Download
animal growth and development n.
Skip this Video
Loading SlideShow in 5 Seconds..
Animal Growth and Development PowerPoint Presentation
Download Presentation
Animal Growth and Development

Animal Growth and Development

135 Views Download Presentation
Download Presentation

Animal Growth and Development

- - - - - - - - - - - - - - - - - - - - - - - - - - - E N D - - - - - - - - - - - - - - - - - - - - - - - - - - -
Presentation Transcript

  1. AG-ASB-14 The student describes the physiological processes involved in prenatal and postnatal growth and development of agricultural animals. a. Measures the growth process in an animal. b. Analyzes the circumstances of growth that affect production enterprises. c. Distinguishes between prenatal and postnatal growth and illustrates the phases of each. d. Explains the layers of the blastula and the organs that are derived from each layer. e. Describes the functions of the placenta. f. Identifies characteristics of twenty-four, forty-eight, and seventy-two hour old chick embryos. g. Differentiates between body cells and explains the functions of each type cell. h. Sequences fat deposition in an animal’s body. i. Investigates and explains why selection for muscling in animals is important. j. Compares and contrasts the growth and reproductive phases in an animal’s life. k. Describes the effects of hormones in the growth process. l. Describes the effects castration has on the growth of an animal. m. Explains the aging process in animals. n. Distinguishes between chronological and physiological age. Animal Growth and Development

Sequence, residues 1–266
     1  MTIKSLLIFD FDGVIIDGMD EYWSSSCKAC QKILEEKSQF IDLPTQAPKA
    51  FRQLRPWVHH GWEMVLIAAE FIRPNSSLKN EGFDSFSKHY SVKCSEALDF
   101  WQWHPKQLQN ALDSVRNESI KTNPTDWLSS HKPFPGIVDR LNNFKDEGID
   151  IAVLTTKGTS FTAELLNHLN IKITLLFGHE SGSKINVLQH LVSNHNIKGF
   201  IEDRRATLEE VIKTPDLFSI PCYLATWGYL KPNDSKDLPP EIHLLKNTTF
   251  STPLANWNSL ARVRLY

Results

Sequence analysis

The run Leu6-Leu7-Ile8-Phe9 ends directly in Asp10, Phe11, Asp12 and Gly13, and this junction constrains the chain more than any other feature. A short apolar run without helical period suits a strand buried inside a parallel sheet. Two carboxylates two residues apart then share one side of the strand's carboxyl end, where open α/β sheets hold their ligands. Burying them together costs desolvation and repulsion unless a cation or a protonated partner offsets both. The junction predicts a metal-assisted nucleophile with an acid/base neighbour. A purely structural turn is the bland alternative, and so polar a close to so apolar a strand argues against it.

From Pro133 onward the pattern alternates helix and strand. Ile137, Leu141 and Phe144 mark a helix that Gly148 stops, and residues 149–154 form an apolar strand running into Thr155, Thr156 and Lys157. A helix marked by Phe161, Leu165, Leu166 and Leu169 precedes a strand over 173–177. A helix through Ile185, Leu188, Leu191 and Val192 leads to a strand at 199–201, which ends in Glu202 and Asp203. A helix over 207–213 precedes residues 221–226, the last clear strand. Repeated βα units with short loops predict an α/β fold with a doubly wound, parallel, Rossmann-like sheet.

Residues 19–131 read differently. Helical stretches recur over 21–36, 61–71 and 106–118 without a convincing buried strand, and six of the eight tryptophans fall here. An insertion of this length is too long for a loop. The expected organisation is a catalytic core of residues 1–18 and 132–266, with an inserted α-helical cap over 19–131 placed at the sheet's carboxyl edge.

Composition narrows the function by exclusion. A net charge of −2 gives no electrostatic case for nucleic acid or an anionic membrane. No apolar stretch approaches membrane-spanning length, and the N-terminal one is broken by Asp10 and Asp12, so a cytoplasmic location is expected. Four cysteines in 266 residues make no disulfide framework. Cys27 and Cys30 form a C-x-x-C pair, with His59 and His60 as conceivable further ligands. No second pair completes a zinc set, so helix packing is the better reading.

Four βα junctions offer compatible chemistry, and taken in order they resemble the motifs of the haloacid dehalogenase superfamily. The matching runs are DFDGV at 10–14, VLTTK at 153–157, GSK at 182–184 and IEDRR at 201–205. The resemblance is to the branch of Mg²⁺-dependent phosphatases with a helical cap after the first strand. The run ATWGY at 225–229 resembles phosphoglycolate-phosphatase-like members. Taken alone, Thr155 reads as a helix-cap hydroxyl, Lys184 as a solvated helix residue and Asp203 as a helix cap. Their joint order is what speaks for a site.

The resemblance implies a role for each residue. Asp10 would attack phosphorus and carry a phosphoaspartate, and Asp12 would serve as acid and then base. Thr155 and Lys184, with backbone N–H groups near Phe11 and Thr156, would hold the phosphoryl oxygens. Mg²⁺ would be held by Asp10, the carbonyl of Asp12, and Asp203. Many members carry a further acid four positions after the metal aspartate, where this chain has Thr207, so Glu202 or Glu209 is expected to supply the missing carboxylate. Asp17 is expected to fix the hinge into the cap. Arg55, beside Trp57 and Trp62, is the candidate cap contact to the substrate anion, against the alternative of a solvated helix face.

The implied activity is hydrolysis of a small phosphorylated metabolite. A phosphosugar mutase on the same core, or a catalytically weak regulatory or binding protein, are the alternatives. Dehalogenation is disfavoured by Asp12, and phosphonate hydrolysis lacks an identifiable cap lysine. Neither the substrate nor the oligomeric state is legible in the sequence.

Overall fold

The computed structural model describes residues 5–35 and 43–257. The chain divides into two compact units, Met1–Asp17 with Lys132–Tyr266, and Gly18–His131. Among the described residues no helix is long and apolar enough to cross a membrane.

2. Measures the growth process in an animal/ Analyzes the circumstances of growth that affect production enterprises. • All animals experience a growth process in order to develop from a fertilized egg to a mature adult • Animal producers make their living based on the amount of growth an animal experiences • Paid by weight- More weight gain = more $$ • Growth- defined as an increase in the size or volume of living matter • Hyperplasia- increase in the number of cells • Hypertrophy- increase in the size of cells

  3. Distinguishes between prenatal and postnatal growth and illustrates the phases of each. • Prenatal- takes place before the animal is born • 3 phases- ovum, embryonic, fetal • Ovum phase- fertilization of the egg until the mass of cells attaches to the wall of the uterus • Lasts about 10 days in sheep and 11 days in cattle • Little change takes place and the shape stays spherical (morula) • Cell division occurs through cell mitosis • As cells mass continues to grow, a fluid-filled cavity develops in the center of the cells (blastula)

  4. Embryonic phase/ Explains the layers of the blastula and the organs that are derived from each layer/ Describes the functions of the placenta. • major tissues, organs, and their major systems are differentiated • Lasts from 10d-34d in sheep and 11d-45d in cattle • Embryo attaches to the uterus and sac like pouch develops around the embryo (placenta with amniotic fluid) • feeds the embryo and give oxygen and dispose of wastes • Also acts as a shock absorber and to protect fetus • The fetus changes but does not gain much weight • Step 1: Blastula’s divides into three layers- ectoderm (outer), mesoderm (middle) and endoderm (inner) • Morphogenesis- cell development into different tissues and organs • Step 2: Ectoderm develops into the tissues on the outside or near the surface of the animal’s body • skin, hair, hooves and certain glands • Also forms the central nervous system (brain, spinal cord, nerve branches) • Step 3: Mesoderm develops into skeletal and muscular system of animal including bones, muscles, cartilage, tendons and ligaments, heart, veins, arteries, reproductive system • Step 4: Endoderm forms the inner organs like the liver, digestive system, lungs • Animal takes on a recognizable form in the late embryonic stage